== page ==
FOREST CITY - Michael Cawley is well along in the autumn of life, but he is hale and hearty with a spirit so fresh and bounding as to make one think that his silver crown is a wig and that he is only verging on twenty. But he was a seeker for gold way back more than 40 years ago and tells stories by the hundred of the wild camp life in the pioneer days of the gold fields. He is one of the founders of Carson City, Nev., and he continued to live there during the days when miners were coming every day by the hundreds and when it was a dull day indeed that did not furnish news of four or five shooting affrays in the saloons and gambling houses. He tells of his relations with Mackay, Flood, Fair and O'Brien, the Bonanza millionaires, with whom he prospected in the early 60's. He was particularly intimate with Mackay, whom he held in high esteem, because he saw him when he hadn't a second dollar in his pocket nor a second shirt to put on his back. He saw him again, after he had become a millionaire, and he was the same good-natured, unpretentious man, living simply and plainly himself, but glorying in the ostentatious display made by his wife with his money in Paris and other European capitals. It is a fact, vouched for by Mr. Cawley himself, that he narrowly escaped becoming a millionaire with Mackay, Flood, Fair and O'Brien. It was at the time that President Lincoln made his first call for 3000,000 men to go and fight the rebels. Mr. Cawley concluded to go to the front and battle for the unity and indivisibility of his adopted country. Mackay tried to dissuade him and asked him to come into a venture that he was about to make with the others that promised well. Cawley resisted and went to fight for Uncle Sam at $13 a month. The venture into which he had been invited was the world-famous Bonanza mine, from which more than $1000,000,000 was made.
MONTROSE - It seems that Jerry Cokely, of Dimock, who was only about 18 years old, signed papers to join the U.S. Army. Jerry's father claimed that he did not sign the papers and what was more he didn't wish the son to go to the army for three years. Corp. Shouse, the recruiting officer, was to take young Cokely to Scranton but he was not to be found and Shouse so telegraphed his superior officers [in Scranton]. Next morning's train brought a spruce looking officer, neat and showy, who registered at the Tarbell House as - G.C. Clegg, U.S.A.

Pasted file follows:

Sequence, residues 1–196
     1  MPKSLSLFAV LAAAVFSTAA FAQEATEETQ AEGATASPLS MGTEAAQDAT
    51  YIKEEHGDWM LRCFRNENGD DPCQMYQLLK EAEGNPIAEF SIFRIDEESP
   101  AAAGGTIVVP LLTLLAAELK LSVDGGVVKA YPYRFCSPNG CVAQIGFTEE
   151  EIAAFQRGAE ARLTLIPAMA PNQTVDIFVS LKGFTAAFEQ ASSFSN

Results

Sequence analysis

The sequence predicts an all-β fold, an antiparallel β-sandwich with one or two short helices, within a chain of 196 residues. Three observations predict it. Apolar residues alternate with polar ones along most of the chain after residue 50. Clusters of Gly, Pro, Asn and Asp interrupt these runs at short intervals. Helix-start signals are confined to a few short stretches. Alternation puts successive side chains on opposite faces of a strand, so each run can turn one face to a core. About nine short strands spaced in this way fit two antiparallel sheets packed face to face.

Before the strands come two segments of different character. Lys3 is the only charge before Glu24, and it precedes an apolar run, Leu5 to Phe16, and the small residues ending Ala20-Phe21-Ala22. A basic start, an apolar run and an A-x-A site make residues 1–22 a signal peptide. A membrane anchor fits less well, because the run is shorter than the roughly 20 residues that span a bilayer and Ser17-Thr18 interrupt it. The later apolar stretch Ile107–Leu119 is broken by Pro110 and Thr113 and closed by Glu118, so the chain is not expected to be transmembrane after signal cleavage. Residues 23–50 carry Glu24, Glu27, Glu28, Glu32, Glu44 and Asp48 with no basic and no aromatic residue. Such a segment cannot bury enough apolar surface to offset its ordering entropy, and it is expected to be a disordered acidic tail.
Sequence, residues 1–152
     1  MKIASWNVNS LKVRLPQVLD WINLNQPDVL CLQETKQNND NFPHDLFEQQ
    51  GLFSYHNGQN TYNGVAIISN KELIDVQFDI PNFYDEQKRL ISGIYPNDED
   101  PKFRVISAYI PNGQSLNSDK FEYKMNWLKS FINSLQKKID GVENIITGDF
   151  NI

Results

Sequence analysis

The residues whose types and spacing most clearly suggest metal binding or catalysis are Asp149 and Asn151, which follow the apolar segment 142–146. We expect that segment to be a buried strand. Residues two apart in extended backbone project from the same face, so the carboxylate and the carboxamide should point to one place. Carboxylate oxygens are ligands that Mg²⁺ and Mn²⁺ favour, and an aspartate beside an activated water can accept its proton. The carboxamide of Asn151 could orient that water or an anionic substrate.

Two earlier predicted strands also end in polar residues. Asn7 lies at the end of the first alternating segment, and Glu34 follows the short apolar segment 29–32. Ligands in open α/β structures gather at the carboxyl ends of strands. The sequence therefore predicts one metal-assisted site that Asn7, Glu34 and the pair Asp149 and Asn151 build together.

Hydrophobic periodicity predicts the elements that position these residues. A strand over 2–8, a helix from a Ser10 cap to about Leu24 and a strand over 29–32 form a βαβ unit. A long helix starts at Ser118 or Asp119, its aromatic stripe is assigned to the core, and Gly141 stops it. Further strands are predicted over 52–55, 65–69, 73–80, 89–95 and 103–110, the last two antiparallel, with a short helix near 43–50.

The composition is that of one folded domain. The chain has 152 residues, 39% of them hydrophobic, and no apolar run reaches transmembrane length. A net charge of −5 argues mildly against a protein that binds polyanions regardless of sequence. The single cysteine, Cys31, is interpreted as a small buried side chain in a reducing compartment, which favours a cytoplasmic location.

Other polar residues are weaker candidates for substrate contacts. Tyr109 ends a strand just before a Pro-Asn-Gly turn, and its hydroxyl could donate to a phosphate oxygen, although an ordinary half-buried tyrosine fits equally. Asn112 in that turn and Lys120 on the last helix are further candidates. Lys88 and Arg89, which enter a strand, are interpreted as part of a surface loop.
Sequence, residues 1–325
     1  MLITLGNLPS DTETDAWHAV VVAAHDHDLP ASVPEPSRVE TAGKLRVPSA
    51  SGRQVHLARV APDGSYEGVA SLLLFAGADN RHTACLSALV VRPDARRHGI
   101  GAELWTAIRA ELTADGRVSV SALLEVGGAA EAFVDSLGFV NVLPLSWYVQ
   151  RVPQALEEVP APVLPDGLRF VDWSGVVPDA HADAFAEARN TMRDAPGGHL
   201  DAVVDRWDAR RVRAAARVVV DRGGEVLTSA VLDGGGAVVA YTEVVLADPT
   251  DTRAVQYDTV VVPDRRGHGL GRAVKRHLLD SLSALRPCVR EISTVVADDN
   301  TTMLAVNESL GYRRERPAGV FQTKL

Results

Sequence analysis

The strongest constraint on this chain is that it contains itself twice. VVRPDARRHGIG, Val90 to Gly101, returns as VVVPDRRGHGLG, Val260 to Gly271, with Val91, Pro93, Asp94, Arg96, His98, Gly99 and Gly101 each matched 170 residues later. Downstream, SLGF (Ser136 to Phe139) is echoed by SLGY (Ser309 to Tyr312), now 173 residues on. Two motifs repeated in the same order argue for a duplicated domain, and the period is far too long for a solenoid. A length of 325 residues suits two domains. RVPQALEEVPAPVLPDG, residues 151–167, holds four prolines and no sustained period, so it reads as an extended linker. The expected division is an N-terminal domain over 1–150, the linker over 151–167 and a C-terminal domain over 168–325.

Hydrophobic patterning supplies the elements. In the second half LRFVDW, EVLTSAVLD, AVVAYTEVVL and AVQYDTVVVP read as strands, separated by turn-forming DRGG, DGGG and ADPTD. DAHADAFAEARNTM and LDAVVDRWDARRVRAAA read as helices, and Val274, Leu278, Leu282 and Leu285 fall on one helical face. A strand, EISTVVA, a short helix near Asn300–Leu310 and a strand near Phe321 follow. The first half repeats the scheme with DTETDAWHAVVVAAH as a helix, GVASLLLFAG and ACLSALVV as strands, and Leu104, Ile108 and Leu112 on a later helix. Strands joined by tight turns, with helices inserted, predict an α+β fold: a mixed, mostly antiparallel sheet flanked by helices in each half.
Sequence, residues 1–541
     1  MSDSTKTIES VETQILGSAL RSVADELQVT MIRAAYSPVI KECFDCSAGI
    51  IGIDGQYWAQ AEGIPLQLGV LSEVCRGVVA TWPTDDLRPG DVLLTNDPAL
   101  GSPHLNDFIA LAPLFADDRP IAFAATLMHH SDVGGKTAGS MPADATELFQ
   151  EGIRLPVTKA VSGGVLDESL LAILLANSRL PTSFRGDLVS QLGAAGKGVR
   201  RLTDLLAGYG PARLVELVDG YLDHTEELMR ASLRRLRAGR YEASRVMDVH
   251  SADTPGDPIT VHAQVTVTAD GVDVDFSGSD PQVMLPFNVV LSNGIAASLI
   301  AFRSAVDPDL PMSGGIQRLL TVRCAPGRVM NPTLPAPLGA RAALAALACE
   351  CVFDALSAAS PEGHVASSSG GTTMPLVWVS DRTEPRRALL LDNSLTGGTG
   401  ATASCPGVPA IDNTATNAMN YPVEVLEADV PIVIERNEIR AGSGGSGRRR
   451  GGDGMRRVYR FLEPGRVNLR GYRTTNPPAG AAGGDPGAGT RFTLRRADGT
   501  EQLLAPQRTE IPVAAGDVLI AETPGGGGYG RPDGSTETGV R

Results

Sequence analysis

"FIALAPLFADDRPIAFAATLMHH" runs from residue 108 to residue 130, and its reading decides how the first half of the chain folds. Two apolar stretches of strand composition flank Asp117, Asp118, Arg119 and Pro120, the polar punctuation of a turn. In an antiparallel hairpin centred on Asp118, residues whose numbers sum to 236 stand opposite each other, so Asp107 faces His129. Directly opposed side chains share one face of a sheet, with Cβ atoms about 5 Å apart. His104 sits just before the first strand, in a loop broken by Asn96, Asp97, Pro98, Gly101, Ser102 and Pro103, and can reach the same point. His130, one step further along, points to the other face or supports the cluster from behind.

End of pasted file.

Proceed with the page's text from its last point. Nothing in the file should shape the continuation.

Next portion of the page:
Briefly, here is what transpired - The officers could not find young Cokely and in the meantime the father secured the services of W.D.B. Ainey, who informed the father that the Army could not take the boy without his consent, except for desertion, and they couldn't declare him a deserter till 10 days had expired...and to go and get the boy and let the matter be tried. When the boy arrived, Sgt. Clegg took him into custody and expected to leave for Scranton. However, Mr. Ainey went to Judge Searle who issued the proper papers demanding Sgt. Clegg produce Jerry Howard Cokely in Court. Clegg was served the papers and contemptuously said he would not take the boy to court, etc. and condescendingly wrote across the back of the same, to the Judge, that the case was not within the jurisdiction of the civil court here.
Judge Searle, after some words to Sgt. Clegg, had him placed under arrest for contempt of court and for the first time, seemingly, Sgt. Clegg began to think things might after all be getting serious, and that, after all, it might not be safe to run up against a country Judge in a manner too "bumpy." After informing Clegg that it was not a "bailable" offense, and after Clegg requested and was denied "getting his supper at the Tarbell House," it happened that Clegg, U.S.A., who came to take young Cokely, went to jail and young Cokely went home with his father. [Fortunately for Clegg, his commanding officer came the next day and with much humbleness, Clegg was liberated.]